Thursday, May 13, 2010


Savage sketching in the Profane Museum in the Vatican City

Savage, a very good friend of mine, is getting married shortly. He's an artist and a graphic designer, so I thought a trip to Rome might be a fitting wedding present as there is no city on Earth that offers more extraordinary art for a trifling expenditure of shoe leather.

We were in Rome for three very busy days, though most of our time was spent in the Vatican City. We stayed at the very pleasant and centrally located Walk in Centre Rome, a bed & breakfast situated some three hundred yards from the Vatican City. Bread & Breakfast is probably something of a misnomer, as the breakfast of the Continental variety and therefore not worthy of the name.

Our first day was spent tramping around the Colosseum and the Forum and eating a distinctly lacklustre and rather expensive meal.

Our second day was spent in the Vatican. We took a guided tour with Angel Tours. I had had good experiences with Angel Tours before, though sadly this was not repeated. The tour guide, who seemed to have been given the job at rather short notice made a poor showing. That said the majesty of the place overcame any shortcomings on her part and Savage was bowled over by the astonishing bredth and quality of the art collections.

We returned to the Vatican for our last day as Savage was very keen to do some sketching in the Octagonal Courtyard and I was determined that he should see The School of Athens, which had been bypassed by our tour of the previous day. We concluded by climbing the dome of St. Peters Basilica and topped all of that with a magnificent five course meal in D'Onoro on the Via Germanica.

We managed to return home between clouds of volcanic ash, sated and uplifted. Definately a successful trip.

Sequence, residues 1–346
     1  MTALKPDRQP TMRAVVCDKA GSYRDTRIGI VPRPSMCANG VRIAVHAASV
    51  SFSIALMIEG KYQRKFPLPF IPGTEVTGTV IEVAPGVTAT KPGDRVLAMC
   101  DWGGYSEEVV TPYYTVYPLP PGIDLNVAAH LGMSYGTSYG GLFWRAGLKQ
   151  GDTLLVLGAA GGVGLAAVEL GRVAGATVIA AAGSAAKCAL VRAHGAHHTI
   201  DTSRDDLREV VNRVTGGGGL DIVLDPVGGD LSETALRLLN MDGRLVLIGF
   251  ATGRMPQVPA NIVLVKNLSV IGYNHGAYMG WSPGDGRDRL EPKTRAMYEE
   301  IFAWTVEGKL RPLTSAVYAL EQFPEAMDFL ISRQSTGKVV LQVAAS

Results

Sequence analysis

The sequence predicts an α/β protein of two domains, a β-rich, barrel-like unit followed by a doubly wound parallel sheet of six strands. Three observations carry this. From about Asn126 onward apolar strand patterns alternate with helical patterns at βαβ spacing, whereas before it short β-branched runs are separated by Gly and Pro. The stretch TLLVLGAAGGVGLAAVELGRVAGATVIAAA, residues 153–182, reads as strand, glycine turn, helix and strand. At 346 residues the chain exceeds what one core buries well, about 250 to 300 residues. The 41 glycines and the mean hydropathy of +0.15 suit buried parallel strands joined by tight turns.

Lessons learned.

- Buy a guidebook and trust to it. Our Rough Guide did not steer us wrong once and was absolutely spot on when it came to places to eat.

- Purchase Reserved Tickets in advance for the Vatican Art Museums. Many of the sights worth seeing become very crowded later in the day and it is worth the few extra shillings to get in early. Booking a guided tour will enable to skip the queues, but so will buying a reserved ticket.

- Bring a rain coat and some light clothing, the weather at least while we were there was very changeable.

- Do not go to an Italian restaurant in a hurry; savour the experience, you won't really be given a choice in the matter.

- Most Romans appear to have a smattering of English and are very polite, however there do appear to be pockets of rudeness remaining. Speaking English, ideally loudly and slowly, interspersed with phrases as "Johnny chop chop, saavy?" and "Whatta mistake-a to make-a", will probably not earn you any friends, but will certainly ensure rapid and efficient service as soon as you establish that this is the only way that they will get rid of you.

Doing so is actually in many ways more effective if the party does have English - you can simply pretend not to understand him. This is not to suggest that you should spend your holiday baiting the natives, but merely that fire be met with fire.

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